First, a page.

Detection of Legionella by cultivation and quantitative real-time polymerase chain reaction in biological waste water treatment plants in Norway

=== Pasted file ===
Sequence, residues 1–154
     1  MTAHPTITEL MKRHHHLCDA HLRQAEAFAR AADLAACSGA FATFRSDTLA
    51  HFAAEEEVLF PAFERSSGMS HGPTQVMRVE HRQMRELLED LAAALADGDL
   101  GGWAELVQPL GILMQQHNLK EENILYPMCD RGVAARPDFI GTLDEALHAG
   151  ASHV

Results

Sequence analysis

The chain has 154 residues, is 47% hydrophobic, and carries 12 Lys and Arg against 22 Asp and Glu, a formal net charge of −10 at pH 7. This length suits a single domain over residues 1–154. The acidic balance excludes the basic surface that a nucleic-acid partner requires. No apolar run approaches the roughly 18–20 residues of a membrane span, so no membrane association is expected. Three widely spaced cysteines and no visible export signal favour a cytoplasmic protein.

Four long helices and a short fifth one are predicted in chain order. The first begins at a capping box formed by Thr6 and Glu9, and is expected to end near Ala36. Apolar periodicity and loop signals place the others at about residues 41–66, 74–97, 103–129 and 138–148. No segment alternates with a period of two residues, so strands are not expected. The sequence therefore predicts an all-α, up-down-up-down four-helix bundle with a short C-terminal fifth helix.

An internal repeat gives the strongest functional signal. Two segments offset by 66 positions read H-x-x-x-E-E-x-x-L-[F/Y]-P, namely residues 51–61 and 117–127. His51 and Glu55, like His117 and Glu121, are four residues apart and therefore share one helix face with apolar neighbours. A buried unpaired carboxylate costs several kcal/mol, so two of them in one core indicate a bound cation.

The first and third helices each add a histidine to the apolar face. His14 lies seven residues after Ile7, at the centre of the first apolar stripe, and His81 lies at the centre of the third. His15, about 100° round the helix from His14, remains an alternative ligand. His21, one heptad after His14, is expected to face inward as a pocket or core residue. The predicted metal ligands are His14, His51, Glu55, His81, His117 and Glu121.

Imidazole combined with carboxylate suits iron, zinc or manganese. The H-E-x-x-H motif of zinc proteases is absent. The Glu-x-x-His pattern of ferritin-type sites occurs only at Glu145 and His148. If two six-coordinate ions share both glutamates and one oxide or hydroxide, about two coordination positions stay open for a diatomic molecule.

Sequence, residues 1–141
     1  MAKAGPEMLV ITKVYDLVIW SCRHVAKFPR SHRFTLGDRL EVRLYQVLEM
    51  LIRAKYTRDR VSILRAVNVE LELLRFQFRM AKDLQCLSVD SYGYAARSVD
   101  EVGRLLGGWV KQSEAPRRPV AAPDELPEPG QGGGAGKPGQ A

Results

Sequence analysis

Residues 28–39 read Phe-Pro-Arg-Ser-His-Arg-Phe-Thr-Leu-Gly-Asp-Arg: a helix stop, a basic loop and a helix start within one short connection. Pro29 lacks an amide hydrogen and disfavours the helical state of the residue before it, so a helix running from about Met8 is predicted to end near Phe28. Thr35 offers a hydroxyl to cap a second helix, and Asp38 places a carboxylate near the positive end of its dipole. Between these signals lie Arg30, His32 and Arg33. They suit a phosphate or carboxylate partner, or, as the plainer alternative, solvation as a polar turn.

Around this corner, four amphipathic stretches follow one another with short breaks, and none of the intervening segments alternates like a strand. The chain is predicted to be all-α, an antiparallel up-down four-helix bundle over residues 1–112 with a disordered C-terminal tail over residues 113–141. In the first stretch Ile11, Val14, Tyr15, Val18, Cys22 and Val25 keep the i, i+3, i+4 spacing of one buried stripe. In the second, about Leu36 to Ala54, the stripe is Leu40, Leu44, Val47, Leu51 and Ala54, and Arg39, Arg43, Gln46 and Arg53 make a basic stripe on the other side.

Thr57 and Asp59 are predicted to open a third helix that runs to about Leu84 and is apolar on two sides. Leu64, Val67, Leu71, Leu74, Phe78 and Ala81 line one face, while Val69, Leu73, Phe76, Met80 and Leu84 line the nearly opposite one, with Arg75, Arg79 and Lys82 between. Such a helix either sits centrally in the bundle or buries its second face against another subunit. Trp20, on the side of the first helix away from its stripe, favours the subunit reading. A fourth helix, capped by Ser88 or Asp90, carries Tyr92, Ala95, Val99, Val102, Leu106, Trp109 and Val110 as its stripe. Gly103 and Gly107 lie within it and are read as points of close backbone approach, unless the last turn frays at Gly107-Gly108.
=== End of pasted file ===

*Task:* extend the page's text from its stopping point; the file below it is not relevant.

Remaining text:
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Cases of Legionnaires' disease associated with biological treatment plants (BTPs) have been reported in six countries between 1997 and 2010. However, knowledge about the occurrence of Legionella in BTPs is scarce. Hence, we undertook a qualitative and quantitative screening for Legionella in BTPs treating waste water from municipalities and industries in Norway, to assess the transmission potential of Legionella from these installations. Thirty-three plants from different industries were sampled four times within 1 year. By cultivation, 21 (16%) of 130 analyses were positive for Legionella species and 12 (9%) of 130 analyses were positive for Legionella pneumophila. By quantitative real-time polymerase chain reaction (PCR), 433 (99%) of 437 analyses were positive for Legionella species and 218 (46%) of 470 analyses were positive for L. pneumophila. This survey indicates that PCR could be the preferable method for detection of Legionella in samples from BTPs. Sequence types of L. pneumophila associated with outbreaks in Norway were not identified from the BTPs. We showed that a waste water treatment plant with an aeration basin can produce high concentrations of Legionella. Therefore, these plants should be considered as a possible source of community-acquired Legionella infections.

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